Itzhak Perlman, Emanuel Ax: Fauré & Strauss Violin Sonatas (DG)
Itzhak Perlman recently marked his 70th birthday. He's been playing violin for most of those years, and says he's still very much moved by the music. His latest recording demonstrates his musical passion. It features two early Romantic-era Violin Sonatas: one by Gabriel Fauré, the other by Richard Strauss. "I've played these works for many, many years," Perlman says. "But when we recorded it, I still felt so moved by the music, still today. Some people say, what kind of challenge do you have for the future? And I always say to them, 'My challenge is to stay interested in what I do.' And just because I've done something for the umpteenth time, I should not think about it as, 'Oh, not again.' Which I don't. So I feel that that's very lucky, that I can actually go on stage and be inspired by the music."
Perlman's chamber partner on this new release is his longtime friend and colleague, Pianist Emanuel Ax. "I've known Manny for many, many years," Perlman recalls. "We used to go to Juilliard and so on. We were living in the same neighborhood, basically Manhattan. I don't remember any time when we did not know each other. But we've never recorded together, and those two sonatas, which I've been playing in recitals for many years, I realized all of a sudden, I've recorded everything else in the repertoire, but why not these? So one time we were sitting down to dinner and I said, 'Listen, we should really do this.' And then I think that lasted a few years until finally we were able to get everybody's schedule properly so that my free days and his free days coincided and … so we went into the recording studio and that's what happened."
What happened is a feast for your ears. Gabriel Fauré's teacher, Camille Saint-Saëns said of Fauré's work, "In this sonata you can find everything to tempt a gourmet." Perlman, who's a bit of a gourmand himself, agrees it is rich and aromatic. "The way I think about the Fauré is not so much about food but about wine. I was saying that it sounds to me like a fine Burgundy wine. For me this is the Pinot Noir of music. There is an aroma when you sort of smell the wine, it has this ambrosia flavor to it and so on, and that's what I think of when I think of this piece é it's like a fine French Burgundy.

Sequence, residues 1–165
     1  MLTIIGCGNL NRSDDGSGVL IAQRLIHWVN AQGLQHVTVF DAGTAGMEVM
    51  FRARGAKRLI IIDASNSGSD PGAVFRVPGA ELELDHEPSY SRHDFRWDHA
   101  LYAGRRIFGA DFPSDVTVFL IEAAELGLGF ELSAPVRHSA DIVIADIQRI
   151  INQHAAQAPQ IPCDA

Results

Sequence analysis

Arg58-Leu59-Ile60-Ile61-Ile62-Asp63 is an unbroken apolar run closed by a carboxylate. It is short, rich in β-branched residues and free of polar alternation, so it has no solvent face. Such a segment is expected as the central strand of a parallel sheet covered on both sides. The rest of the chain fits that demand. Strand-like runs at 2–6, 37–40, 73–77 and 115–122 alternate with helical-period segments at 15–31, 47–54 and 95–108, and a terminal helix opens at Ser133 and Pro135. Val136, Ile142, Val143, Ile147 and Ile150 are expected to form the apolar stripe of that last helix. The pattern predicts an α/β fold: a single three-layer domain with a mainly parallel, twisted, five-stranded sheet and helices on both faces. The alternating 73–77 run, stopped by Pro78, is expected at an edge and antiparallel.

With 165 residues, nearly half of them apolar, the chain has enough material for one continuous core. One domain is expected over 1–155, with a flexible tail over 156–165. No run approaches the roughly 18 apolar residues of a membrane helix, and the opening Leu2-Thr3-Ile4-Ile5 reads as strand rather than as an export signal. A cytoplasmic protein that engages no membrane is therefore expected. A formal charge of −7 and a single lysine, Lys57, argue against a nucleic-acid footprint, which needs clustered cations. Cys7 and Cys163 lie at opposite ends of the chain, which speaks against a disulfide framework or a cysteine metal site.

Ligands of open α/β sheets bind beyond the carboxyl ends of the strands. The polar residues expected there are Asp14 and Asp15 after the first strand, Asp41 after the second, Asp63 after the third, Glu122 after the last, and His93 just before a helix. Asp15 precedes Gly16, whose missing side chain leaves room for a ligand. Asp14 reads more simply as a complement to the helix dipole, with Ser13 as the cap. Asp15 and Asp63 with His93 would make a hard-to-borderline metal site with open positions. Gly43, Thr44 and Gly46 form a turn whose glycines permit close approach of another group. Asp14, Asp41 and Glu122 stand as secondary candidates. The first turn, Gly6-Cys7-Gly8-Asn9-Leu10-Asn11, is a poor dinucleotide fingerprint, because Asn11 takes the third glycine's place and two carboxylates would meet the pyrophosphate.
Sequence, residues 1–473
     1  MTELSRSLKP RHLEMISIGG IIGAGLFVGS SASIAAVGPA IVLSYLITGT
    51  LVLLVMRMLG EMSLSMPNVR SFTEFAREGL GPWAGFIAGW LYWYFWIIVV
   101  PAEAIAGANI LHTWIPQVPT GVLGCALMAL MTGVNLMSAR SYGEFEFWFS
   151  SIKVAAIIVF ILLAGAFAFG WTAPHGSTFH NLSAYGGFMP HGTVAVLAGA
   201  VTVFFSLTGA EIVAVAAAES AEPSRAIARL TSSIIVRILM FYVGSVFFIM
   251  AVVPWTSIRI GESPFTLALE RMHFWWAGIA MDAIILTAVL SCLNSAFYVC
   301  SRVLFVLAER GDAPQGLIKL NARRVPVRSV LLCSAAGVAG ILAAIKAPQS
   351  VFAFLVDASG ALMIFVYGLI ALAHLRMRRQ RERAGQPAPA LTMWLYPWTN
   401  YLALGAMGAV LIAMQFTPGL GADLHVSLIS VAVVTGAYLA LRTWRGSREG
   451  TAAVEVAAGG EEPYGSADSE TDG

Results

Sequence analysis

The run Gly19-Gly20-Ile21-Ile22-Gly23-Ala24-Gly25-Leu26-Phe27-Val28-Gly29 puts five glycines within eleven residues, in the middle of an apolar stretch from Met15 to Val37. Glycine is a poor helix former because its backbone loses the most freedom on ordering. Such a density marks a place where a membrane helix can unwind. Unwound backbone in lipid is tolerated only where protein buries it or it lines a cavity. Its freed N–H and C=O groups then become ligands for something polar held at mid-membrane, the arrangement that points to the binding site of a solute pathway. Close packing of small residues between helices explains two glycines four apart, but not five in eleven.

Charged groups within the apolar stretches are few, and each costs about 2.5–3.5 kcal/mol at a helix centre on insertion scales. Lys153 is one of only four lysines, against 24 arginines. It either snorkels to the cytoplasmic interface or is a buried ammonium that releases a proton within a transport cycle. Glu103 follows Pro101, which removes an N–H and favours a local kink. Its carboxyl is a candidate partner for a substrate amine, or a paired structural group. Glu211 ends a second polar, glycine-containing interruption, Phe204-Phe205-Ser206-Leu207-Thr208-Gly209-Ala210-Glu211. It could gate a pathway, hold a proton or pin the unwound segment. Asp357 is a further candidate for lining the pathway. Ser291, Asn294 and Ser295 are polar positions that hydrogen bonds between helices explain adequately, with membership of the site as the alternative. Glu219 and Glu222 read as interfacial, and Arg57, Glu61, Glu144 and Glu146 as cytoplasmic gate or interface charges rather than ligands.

"When you think about Fauré, you think about a group of composers that had similar kind of attitude towards harmony, you know. I think about Franck, I think about Chausson, which is incredible when you think about it. Again, that kind of harmonic machinations, progressions and so on that are associated very much with French composers. Of course, the colors are in the score and of course the musicians' challenge is to do these, to express these colors in the way that it does justice to the music, and I'm actually very happy with this recording. Sometimes you listen to the recording and you're always so critical about what you're doing. But this thing, I thought, worked nicely. So I'm very excited that we did that."
Richard Strauss's Violin Sonata in E-flat Major is much more dramatic. The second movement was written as a love poem to his future wife. "There's an intimacy about it, but there's an unabashed romanticism," Perlman says. "I always think of the middle section, it's basically in the piano part, I think about just sitting in one of those café houses in the corner and having a pastry and listening to a pianist in the corner doing a little bit of background music. So it's a very intimate kind of flavor in that particular section and of course the last movement é there's great drama in that movement, when the piano starts very quietly, and all of sudden there's a hero kind of theme almost … that Strauss has been known to compose about. And then the violin comes in and the whole thing is extremely dramatic."
Creating a scene to accompany a piece of music is not uncommon. It's a technique Perlman encourages his students to try as well. "When I teach, I always tell my students, 'If there is something that'll help you interpret the piece whether it's a story, whether it's a painting, whether it's a scenario just do it.' But everybody has their own kind of thing that helps them perform something with great intensity and great success and so on. When you think about Mozart, you always think about opera. When you think of a Mozart theme, of anything by Mozart, you always think it's operatic because Mozart was such a great opera composer and so on. So when it comes to either the Strauss or the Fauré, I can think about just colors. The Strauss has more intense colors while the Fauré is more pastel."
Rich and creamy or soft and hazy, this new sonata recording with Itzhak Perlman and Emanuel Ax is tantalizing for the ears … and the imagination.